Intel Alder Lake non-K CPUs can be overclocked on ASUS B660 motherboards
Der8auer has now confirmed that overclocking of Intel Alder Lake non-K CPUs is possible on B660 motherboards. This is just days after the overclocker revealed a ‘not-so-hidden’ feature of bus speed overclocking on such CPUs with expensive Z690 motherboards.
It was expected that BCLK OC functionality might be limited to certain Z690 motherboards, but luckily that is not the case. Roman purchased two ASUS ROG STRIX B660 motherboards to confirm whether this feature is enabled on the cheaper Intel 600 series as well. As it turns out, it is. Roman confirmed that ASUS ROG STRIX B660-G and ROG STRIX B660-F both support BCLK overclocking.
These motherboards are a lot cheaper than the ASUS ROG Maximus Z690 series, we are looking at sub 250 EUR pricing here. This combined with sub-200 EUR Intel 12th Gen Core i5 CPUs might make a great deal, however, there is a catch. Overclocker says that this feature is only available on B660 motherboards with DDR5 memory and he is not aware of any DDR4 motherboard that supports it.
Officially Intel Alder Lake supports both DDR4 and DDR5 memory, so users should be able to choose between upgrading to newer technology, or reusing their DDR4 kits. Unfortunately, gamers on a budget already considering overclocking of Core i5-12400-12600 CPUs will be forced to upgrade the memory as well.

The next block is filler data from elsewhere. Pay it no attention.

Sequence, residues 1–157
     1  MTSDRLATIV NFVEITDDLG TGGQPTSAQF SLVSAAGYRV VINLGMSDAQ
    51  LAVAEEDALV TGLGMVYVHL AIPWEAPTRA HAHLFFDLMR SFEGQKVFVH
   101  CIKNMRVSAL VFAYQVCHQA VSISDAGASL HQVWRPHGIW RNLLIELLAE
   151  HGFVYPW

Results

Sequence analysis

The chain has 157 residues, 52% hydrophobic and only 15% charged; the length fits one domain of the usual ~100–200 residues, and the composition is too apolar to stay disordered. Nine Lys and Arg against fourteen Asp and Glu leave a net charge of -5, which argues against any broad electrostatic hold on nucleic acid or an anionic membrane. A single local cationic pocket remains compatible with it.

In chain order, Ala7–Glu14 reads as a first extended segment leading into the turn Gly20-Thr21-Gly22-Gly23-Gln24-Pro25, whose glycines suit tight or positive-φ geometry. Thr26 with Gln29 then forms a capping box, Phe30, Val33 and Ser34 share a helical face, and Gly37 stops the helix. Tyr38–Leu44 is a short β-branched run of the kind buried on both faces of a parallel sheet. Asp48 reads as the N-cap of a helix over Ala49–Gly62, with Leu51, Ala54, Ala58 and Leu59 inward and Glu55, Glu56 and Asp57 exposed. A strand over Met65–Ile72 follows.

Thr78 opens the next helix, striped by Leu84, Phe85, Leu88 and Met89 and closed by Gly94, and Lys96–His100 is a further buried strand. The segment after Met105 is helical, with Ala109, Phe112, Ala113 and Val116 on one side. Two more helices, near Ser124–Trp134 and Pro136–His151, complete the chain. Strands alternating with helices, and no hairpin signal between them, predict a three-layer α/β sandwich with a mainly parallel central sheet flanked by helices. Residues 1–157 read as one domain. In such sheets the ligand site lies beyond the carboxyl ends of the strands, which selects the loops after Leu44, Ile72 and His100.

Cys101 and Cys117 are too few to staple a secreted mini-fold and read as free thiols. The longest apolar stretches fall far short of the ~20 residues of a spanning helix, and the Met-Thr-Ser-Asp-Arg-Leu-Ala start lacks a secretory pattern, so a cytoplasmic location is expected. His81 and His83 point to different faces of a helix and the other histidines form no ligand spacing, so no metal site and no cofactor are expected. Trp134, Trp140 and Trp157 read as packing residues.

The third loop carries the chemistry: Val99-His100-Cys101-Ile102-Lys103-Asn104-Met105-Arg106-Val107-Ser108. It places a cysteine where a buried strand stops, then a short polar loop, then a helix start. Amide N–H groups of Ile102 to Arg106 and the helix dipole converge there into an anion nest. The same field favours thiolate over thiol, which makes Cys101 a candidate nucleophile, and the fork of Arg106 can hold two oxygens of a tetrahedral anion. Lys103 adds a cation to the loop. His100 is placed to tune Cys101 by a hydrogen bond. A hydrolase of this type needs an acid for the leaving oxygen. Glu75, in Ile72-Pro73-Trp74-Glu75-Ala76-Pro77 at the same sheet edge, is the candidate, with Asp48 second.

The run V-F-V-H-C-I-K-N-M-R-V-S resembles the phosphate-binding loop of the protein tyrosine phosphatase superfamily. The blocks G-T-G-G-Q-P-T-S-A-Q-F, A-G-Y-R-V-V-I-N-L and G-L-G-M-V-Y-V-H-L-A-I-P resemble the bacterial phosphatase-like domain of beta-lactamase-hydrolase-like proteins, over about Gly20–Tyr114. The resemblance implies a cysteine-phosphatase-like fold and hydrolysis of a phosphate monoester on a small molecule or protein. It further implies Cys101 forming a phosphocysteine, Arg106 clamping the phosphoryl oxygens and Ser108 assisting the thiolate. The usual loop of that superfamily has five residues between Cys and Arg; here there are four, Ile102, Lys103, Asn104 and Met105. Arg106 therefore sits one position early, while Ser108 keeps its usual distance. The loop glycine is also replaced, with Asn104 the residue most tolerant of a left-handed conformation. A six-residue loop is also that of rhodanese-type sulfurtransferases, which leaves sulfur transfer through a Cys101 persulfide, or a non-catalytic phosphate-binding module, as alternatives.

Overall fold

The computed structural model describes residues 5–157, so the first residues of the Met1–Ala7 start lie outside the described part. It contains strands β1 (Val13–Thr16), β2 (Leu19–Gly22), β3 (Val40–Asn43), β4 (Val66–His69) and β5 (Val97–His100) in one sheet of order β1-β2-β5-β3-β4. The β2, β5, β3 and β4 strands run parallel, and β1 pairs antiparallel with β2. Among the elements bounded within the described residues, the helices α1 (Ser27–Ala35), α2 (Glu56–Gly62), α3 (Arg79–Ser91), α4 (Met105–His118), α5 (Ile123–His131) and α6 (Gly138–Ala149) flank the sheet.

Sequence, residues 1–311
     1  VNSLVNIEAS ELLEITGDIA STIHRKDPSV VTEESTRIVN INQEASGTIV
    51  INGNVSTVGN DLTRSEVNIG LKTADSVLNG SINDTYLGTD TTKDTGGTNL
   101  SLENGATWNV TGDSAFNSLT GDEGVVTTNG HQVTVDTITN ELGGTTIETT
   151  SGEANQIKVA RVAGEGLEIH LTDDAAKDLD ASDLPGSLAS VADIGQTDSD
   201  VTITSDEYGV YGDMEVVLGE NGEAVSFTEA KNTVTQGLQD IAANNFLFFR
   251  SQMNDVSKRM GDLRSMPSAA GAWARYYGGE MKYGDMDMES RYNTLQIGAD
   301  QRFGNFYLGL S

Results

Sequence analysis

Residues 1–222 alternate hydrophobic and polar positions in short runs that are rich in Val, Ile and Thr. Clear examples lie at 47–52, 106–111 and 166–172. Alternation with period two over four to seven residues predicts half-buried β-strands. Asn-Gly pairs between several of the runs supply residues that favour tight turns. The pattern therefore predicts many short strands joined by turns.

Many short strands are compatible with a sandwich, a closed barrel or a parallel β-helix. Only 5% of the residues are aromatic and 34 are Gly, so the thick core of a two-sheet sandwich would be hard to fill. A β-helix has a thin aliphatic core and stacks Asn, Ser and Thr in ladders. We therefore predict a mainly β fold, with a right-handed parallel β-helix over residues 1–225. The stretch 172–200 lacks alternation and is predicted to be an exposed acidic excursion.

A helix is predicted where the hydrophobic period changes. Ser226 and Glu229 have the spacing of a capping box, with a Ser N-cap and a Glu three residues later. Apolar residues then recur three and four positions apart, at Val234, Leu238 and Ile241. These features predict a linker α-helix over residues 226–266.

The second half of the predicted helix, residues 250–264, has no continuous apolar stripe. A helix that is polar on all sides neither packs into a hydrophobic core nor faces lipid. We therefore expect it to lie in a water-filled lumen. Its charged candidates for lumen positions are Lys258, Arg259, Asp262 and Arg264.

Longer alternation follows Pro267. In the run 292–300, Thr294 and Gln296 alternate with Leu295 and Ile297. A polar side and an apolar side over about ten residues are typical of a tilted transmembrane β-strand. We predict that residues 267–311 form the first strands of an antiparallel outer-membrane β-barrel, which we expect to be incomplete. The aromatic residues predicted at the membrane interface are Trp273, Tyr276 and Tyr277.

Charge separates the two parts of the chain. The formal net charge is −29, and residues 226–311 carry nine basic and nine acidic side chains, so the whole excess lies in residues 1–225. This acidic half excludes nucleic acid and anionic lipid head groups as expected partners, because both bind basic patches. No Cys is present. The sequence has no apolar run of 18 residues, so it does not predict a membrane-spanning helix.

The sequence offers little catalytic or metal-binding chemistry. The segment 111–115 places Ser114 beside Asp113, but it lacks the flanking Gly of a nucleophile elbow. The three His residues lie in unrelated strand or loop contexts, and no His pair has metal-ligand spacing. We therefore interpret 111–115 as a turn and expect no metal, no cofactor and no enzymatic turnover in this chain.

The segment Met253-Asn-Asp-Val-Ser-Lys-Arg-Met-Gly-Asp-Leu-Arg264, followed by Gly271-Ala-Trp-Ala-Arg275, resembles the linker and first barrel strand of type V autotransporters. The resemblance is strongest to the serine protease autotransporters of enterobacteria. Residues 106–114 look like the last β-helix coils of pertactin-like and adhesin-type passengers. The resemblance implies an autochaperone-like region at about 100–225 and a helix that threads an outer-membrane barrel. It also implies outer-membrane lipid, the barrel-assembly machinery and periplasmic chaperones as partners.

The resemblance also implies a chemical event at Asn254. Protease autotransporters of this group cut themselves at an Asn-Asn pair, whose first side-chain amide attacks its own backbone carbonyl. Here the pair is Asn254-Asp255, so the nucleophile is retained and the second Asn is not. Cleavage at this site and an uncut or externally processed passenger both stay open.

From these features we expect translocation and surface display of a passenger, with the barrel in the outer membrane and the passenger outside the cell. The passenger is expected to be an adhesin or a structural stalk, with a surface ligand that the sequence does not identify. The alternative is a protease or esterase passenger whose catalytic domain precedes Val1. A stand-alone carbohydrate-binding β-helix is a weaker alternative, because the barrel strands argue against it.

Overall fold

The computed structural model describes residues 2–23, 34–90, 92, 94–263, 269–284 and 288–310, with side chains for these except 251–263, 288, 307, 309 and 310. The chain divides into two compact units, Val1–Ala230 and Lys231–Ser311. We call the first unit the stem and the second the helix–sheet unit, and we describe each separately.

Overall, the process of bus speed overclocking on the B660 series is a bit different than Z690. There is no BCLK OC option in the Tweaker’s Paradise in ASUS’s latest publicly available BIOS, and the boards do not support XMP profiles. The process is therefore in full manual mode, but YouTuber provides an easy step-by-step guide on how to achieve higher clocks. In the last step, ASUS BIOS will confirm that BCLK overclocking will be enabled, but this will extend the first boot time to around a minute. If it takes longer than 2-3 minutes then something probably went wrong, der8auer notes.
Performance-wise, the 5GHz i5-12400 almost reaches Ryzen 7 5800X Cinebnech R20 Multi-Core performance, despite featuring fewer cores (6C vs 8C). Der8auer says that the CPU behaves similarly to the Z690 BCLK OC test, which means peak temperature up to 93°C and 117W of power. Those are of course only based on the Cinebench R20 test, both values should be much lower during gaming (~70W).